Last week was the first episode of the final season of “Entourage.” For anyone who hasn’t watched the show, it’s about four life-long buddies from New Jersey who have moved to Hollywood. One quickly becomes a major movie star and the others are “livin’ the dream” as his entourage.

One of the show’s greatest pleasures is Jeremy Piven’s portrayal of Ari Gold, the cutthroat super-agent. For the run of the series Ari has wielded his cell phone like a samurai sword, screaming orders and manipulating situations, doing anything to WIN! And yet, predictable as the character is, the performance is consistently fascinating to watch. Why? Because Jeremy Piven is a master of the “unlikely choice.”

For improvisers, going for the unlikely choice is a skill to be mastered. With full commitment AND a sense of play, you wear your character lightly so that who YOU are can show through the character. There is no “motivation” other than to serve the moment and the scene. The flexibility of that improvisational point of view works in all situations.

It’s fun and exciting to watch actors who have the skill and “playfulness” to set up a character with a strong consistent personality, and then veer away from the expected. With the “unlikely choice” they make, they evoke moments that are not at all familiar or imitative and that are truly authentic and relatable.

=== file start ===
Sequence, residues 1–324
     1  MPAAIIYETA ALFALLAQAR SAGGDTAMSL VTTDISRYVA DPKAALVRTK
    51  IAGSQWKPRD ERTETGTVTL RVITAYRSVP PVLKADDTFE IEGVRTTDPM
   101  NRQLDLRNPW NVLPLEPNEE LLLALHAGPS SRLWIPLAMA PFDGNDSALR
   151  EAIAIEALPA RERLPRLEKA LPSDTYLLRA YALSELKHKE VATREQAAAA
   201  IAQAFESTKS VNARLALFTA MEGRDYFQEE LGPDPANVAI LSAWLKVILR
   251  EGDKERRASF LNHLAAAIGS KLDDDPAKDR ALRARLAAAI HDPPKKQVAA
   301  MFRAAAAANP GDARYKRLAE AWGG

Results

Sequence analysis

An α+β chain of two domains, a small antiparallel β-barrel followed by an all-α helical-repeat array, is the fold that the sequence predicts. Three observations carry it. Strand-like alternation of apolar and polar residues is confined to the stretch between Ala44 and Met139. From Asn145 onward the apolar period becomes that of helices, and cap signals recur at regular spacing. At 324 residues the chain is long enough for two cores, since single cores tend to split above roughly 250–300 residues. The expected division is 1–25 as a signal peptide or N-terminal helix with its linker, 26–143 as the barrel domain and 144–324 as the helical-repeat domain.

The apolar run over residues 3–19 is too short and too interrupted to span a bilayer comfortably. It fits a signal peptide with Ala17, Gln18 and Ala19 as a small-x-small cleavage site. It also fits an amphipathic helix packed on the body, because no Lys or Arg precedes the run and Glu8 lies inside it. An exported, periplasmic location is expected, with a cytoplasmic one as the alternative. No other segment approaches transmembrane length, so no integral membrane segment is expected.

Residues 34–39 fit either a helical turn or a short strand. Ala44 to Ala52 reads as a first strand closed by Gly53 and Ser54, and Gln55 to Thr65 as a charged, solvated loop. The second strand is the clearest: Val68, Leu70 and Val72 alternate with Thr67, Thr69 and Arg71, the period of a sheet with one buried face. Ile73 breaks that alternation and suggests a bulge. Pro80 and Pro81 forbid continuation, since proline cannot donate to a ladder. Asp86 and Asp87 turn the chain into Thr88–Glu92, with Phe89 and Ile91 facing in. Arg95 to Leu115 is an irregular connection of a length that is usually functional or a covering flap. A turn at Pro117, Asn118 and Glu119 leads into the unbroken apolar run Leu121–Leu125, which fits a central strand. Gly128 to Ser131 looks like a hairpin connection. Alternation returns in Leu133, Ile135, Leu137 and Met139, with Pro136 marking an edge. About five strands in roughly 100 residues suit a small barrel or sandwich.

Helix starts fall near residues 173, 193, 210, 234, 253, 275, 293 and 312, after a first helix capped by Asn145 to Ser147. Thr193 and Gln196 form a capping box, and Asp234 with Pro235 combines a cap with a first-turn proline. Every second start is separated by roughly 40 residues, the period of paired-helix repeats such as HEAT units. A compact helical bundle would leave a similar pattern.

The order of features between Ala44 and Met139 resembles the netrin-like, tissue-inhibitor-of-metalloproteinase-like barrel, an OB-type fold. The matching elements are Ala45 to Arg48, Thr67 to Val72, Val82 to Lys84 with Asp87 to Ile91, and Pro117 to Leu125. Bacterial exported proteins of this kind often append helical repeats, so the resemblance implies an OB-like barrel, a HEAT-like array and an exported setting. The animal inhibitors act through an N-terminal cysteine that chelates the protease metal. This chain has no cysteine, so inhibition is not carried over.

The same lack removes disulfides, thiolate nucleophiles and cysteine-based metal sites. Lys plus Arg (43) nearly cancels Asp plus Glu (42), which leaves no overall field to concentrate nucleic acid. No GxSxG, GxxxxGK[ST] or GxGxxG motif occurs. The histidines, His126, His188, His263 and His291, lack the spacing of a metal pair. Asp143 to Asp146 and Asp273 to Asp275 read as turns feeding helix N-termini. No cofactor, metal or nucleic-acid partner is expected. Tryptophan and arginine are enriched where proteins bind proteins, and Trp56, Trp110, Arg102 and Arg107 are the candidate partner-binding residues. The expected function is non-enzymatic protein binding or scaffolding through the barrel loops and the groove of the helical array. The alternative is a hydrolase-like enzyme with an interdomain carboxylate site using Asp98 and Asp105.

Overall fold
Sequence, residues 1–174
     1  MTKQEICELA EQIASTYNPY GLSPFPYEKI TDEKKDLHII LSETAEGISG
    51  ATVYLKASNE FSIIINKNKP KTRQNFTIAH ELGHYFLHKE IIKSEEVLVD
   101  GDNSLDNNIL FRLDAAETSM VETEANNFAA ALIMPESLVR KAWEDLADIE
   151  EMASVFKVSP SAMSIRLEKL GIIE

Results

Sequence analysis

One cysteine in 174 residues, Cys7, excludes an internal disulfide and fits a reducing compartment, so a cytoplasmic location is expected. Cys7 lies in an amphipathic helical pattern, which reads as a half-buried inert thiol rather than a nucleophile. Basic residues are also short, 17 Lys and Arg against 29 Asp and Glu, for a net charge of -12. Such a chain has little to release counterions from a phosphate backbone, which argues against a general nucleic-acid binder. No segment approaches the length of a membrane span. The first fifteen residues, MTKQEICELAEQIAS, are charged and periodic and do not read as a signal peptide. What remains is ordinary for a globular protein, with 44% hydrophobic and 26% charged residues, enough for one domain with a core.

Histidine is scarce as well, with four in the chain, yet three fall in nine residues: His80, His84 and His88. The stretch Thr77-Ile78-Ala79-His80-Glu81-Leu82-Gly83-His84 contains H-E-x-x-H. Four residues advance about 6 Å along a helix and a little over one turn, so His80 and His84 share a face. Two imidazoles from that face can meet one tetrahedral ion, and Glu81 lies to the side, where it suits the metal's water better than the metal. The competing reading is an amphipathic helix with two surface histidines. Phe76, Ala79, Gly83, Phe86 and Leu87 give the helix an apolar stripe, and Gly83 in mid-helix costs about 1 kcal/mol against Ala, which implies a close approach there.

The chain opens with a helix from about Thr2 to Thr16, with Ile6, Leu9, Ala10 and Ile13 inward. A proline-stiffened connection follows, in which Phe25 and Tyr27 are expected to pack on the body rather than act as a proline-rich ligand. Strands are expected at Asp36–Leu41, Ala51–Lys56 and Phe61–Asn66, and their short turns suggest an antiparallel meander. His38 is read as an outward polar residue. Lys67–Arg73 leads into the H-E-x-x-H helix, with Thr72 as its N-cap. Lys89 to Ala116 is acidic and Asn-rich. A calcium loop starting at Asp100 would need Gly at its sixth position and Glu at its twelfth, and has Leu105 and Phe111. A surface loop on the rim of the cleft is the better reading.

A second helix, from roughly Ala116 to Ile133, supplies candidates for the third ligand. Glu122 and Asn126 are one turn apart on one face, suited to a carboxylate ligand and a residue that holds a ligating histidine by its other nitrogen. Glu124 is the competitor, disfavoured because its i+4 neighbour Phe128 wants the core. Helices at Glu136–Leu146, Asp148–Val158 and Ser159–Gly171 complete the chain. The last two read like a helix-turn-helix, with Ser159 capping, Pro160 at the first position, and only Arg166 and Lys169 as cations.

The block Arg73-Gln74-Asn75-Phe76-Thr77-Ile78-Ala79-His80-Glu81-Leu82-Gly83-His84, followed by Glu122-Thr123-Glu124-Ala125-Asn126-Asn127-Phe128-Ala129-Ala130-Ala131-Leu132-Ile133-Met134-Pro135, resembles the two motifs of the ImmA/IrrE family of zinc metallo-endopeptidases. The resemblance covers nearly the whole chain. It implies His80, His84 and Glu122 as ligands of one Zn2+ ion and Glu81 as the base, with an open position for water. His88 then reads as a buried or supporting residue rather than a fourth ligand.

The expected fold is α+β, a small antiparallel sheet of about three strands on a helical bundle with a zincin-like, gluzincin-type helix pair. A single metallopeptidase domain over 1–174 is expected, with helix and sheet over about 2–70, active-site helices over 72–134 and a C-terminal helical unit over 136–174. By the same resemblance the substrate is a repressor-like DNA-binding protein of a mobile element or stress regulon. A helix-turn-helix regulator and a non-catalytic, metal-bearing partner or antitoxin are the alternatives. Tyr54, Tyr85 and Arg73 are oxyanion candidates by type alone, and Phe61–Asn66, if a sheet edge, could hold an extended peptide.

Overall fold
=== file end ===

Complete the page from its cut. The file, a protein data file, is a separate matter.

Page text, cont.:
Case in point, Jeremy Piven’s performance in last week’s season opener. “Mrs. Ari” finally has had enough of her husband’s insensitivity and has kicked him out of their mansion. Ari comes home to try to “negotiate” her taking another shot at making their marriage work. But standing in the marble entryway, Mrs. Ari hits him with the news: she’s seeing someone else. Ari’s jaw tightens and his eyes well up with tears. For just an instant, you watch him respond in a surprising way to the possibility that this is an important deal he might not be able to close.

Then Ari “mans up”, marches resolutely to the ornate front doors, opens them, marches out, and as he leaves… he ever so gently closes the doors behind him. As an audience member, I am expecting the super agent who is always the steamroller and never the road, to slam those doors. But the bombastic, hardened character Piven has built for seven seasons shows vulnerability and sensitivity instead. When he does, I find myself caring for Ari. And, not coincidently, planning to tune in again this week to follow the surprising emotional journey of a “scum-bag-on-the-surface” character made human and sympathetic by a consummate actor making an unlikely choice.